The Astros: Even Worse Than We Thought?

Sure it's just one week. Just seven games. But damn. The Astros are bad. Historically bad.  How bad?  The Astros record of 1-6 is the team's worst start to a season in 25 years. But it doesn't stop there. The Astros have failed to score in 27 of their last 28 innings. They are the only major league team that has failed to score a run in the first or second inning this year.  The Astros have played 64 innings of baseball, and they have had the lead for only two of those innings.

They were swept by the St. Louis Cardinals for the first time since the 2005 season. At one point in Sunday's game, Cardinals pitcher Kyle Lohse had retired 24 straight Astros on his way to a complete game shutout -- Kaz Matsui led off with a single, then the Astros had nothing until the ninth inning. That process was essentially repeated yesterday as Zach Duke pitched a complete game shutout for the Pirates.  

Sure, the Astros have won one game, which is more than the winless Washington Nationals can say.  Then again, the Astros have the oldest everyday lineup in baseball, as well as the oldest starting rotation, to go along with a farm system that is virtually devoid of talent. So I guess that maybe bragging about having a better record than the Nationals isn't actually anything to be bragging about.

Cecil Cooper is already trying to shake up the lineup. Pudge Rodriguez has been dropped from second in the batting order to seventh. Hunter Pence was moved from seventh to second, and yesterday he hit fifth. Miguel Tejada's not hitting from either the fifth or the second spot. Michael Bourn is actually getting some hits, so he's batting in the eighth slot.  Neither Lance Berkman nor Carlos Lee are hitting. Berkman has only two RBIs this season.  Carlos Lee has only one RBI. Tejada doesn't have a RBI.

Wandy Rodriguez has been the Astros's best starter. So the pitching staff is definitely in trouble. Doug Brocail is already on the disabled list. Brian Moehler developed an injury from nowhere yesterday while the Pirates were slapping him around in the third inning. Roy Oswalt is getting killed by the home run ball.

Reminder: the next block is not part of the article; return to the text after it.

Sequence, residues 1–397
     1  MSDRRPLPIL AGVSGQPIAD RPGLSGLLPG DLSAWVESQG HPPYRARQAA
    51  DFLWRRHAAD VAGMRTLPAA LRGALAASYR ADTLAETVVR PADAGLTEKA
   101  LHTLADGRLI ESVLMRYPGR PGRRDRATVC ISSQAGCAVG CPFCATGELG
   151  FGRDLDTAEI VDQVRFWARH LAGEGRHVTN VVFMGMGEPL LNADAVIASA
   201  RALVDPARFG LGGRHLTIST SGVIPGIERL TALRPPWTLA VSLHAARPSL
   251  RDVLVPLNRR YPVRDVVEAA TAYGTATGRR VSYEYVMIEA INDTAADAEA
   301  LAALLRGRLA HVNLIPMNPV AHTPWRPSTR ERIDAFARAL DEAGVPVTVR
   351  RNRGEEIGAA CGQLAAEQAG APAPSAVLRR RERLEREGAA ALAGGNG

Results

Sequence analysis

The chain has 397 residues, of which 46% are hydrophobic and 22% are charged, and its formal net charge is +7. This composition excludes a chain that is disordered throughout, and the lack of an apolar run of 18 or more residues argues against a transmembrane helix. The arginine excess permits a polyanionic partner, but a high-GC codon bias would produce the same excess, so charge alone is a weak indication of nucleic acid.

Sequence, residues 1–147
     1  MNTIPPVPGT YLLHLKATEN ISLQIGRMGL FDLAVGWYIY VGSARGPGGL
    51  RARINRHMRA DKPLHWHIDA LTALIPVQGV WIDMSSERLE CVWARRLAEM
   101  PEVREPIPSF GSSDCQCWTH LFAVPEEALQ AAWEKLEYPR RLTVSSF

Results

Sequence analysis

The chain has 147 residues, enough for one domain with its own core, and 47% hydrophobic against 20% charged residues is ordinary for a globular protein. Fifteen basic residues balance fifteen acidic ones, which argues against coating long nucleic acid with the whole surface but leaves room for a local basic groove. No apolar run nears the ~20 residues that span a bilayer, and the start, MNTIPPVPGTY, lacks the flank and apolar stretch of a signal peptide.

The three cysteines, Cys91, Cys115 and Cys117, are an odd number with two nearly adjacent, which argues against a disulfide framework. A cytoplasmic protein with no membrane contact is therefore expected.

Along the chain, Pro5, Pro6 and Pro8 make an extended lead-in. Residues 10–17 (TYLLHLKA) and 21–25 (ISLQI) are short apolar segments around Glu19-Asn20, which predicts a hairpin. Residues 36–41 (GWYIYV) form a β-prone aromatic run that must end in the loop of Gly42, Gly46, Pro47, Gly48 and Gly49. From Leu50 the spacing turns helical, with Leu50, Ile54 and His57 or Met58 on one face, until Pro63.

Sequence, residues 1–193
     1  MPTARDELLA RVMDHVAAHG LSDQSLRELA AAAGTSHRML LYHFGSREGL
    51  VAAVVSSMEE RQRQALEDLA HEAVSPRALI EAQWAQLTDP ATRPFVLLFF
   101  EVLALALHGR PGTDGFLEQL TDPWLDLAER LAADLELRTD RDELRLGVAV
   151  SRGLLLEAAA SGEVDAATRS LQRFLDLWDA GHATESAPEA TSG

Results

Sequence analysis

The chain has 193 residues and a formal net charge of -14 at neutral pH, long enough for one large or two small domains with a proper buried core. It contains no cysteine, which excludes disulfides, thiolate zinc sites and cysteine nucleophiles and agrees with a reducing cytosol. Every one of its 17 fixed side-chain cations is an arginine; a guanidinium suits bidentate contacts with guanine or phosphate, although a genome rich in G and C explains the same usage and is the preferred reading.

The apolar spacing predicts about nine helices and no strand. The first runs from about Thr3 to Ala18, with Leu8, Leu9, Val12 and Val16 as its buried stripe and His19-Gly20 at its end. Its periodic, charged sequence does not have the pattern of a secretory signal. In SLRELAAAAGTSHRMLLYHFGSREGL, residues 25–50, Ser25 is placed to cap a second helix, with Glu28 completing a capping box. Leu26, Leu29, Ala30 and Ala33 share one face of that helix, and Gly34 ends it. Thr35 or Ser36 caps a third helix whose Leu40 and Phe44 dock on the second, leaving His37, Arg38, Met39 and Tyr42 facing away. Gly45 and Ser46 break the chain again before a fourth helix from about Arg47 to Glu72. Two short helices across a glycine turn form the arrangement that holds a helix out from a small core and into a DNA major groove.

Then there's Mr. Tact and Class. I'm speaking of Tejada, of course. Tejada got a double in the first inning yesterday, and he stood on second base celebrating like he had just won the World Series. The problem being that he had gotten the double because Pittsburgh centerfielder Nate McLouth had crashed into the wall trying to catch the ball and was lying on the grass in pain.

Luckily for the Astros, there is no game today. Which is perfect because Kaz Matsui's lower back is, guess what, bothering him and he is now officially day-to-day. But the day off is not going to stop the Astros from being in last place of the NL Central.

Sure, it's only been one week. Only seven games. But damn, this team looks even worse than I thought they would look. And I definitely thought this team was going to suck. So that should give you some idea of just how bad this team has been.


On an unrelated note, Philadelphia Phillies play-by-play man Harry Kalas died yesterday  in
Washington, D.C. He collapsed in the broadcast booth at Nationals Stadium before yesterday's Phillies/Nationals game, and he died at the hospital. Kalas was also known as the voice of NFL Films. And he had a Houston connection as he, along with Gene Elston and Loel Passe were the first radio and television voices of the Houston Astros, as he worked with the Astros from 1965 through 1970.

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